and Mayor (who could also use or change the title to Governor, which
        it was briefly after Reconstruction).

        A friend of mine has another idea in that DC proper would serve as
        the anchor for a new state, taking in PG & Montgomery Counties in
        MD, Arlington, Fairfax, the independent cities of Alexandria,
        Fairfax & Falls Church, the state would be called "New Columbia." It
        would have a population of about 3,735,000 (2006), more than
        adequate as a new state, with 5 congressmembers.

        Regards,
        --D.J. Jones
      • Lawrence Kestenbaum
        ... I m in favor of that plan, which would mean that there would be two senators from Maryland and the District of Columbia . For consistency (especially if
        Message 3 of 3 , Sep 26, 2007
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          On Thu, 27 Sep 2007, D.J. Jones wrote:

          > Having 1 Senator would not fly with DC residents. I have a better
          > idea that their federal representation should be adjoined to
          > Maryland, that DC residents would be able to vote for MD's 2
          > Senators and that the House member would be adjoined to MD's (which
          > would require its deficient population to have to take in a
          > substantial chunk of Prince Georges County, MD). As a semi-
          > autonomous entity, they would not get to vote in MD legislative or
          > statewide offices, having their own representation on the DC Council
          > and Mayor (who could also use or change the title to Governor, which
          > it was briefly after Reconstruction).

          I'm in favor of that plan, which would mean that there would be two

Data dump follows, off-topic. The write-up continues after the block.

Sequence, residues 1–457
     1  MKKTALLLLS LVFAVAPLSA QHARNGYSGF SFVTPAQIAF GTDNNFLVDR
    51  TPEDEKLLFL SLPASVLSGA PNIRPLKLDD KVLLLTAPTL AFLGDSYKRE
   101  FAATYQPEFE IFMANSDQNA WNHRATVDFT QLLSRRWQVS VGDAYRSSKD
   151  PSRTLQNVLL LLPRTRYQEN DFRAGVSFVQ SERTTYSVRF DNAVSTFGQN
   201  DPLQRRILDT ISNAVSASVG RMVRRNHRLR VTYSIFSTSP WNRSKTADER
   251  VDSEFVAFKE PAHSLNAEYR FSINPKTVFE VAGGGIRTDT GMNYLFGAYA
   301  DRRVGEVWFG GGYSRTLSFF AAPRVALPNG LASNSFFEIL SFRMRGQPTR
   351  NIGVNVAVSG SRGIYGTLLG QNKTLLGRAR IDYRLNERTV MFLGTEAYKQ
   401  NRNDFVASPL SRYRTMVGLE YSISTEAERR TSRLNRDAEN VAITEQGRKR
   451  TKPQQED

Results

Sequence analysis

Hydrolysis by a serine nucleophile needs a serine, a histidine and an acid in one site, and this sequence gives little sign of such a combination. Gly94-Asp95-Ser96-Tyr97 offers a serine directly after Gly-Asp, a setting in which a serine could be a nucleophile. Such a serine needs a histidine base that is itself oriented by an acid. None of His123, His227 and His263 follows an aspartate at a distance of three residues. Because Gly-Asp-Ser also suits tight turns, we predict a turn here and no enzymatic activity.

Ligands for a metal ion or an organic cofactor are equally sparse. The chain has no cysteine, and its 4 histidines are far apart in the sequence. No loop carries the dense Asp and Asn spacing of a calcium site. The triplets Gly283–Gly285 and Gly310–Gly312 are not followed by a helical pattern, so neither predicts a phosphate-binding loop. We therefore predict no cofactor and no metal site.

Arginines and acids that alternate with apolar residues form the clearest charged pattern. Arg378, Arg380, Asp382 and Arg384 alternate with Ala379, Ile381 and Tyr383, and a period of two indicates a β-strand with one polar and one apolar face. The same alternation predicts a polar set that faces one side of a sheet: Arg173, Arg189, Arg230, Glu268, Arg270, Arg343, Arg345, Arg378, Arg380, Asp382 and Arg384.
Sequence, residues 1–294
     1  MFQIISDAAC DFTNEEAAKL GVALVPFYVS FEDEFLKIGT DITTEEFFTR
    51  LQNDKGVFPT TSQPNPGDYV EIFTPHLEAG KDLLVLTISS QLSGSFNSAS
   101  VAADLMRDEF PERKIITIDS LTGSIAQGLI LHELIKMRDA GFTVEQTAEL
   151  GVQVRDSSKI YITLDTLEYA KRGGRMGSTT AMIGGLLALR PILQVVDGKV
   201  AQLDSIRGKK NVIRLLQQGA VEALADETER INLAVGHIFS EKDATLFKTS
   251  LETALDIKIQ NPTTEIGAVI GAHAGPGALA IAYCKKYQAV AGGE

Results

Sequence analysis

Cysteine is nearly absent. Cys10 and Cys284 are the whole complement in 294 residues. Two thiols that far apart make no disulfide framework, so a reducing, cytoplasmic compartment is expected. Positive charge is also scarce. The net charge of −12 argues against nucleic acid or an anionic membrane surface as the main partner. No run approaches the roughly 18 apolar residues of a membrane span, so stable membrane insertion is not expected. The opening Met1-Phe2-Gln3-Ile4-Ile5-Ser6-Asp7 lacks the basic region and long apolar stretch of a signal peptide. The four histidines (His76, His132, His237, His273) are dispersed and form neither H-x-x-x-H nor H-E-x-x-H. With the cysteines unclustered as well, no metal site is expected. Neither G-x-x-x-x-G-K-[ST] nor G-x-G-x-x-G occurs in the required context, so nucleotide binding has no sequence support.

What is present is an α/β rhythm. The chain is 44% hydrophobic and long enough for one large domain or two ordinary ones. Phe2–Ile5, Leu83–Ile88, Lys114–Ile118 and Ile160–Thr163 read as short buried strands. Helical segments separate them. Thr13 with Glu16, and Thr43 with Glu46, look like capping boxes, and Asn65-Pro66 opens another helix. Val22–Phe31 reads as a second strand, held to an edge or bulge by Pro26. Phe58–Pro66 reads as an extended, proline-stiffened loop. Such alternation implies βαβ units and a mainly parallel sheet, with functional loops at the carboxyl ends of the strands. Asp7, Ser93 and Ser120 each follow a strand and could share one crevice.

senators from "Maryland and the District of Columbia". For consistency
          (especially if they share Congressmen), MD and DC ought to be combined for
          Electoral College purposes, too, which means DC would lose its automatic 3
          electoral votes.

          It's a neat solution which requires minimal mucking about with geography
          and existing administrative arrangements, but a constitutional amendment
          would be required.

          > A friend of mine has another idea in that DC proper would serve as
          > the anchor for a new state, taking in PG & Montgomery Counties in
          > MD, Arlington, Fairfax, the independent cities of Alexandria,
          > Fairfax & Falls Church, the state would be called "New Columbia." It
          > would have a population of about 3,735,000 (2006), more than
          > adequate as a new state, with 5 congressmembers.

          I'm guessing the residents of those additional areas (not to mention the
          affected state governments) would not be enthusiastic about this idea.
          And we already have a state called N.C.

          Larry

          ---
          Lawrence Kestenbaum, polygon@...
          Washtenaw County Clerk & Register of Deeds, http://ewashtenaw.org
          The Political Graveyard, http://politicalgraveyard.com
          Weblog: Polygon, the Dancing Bear, http://potifos.com/polygon
          P.O. Box 2563, Ann Arbor, MI 48106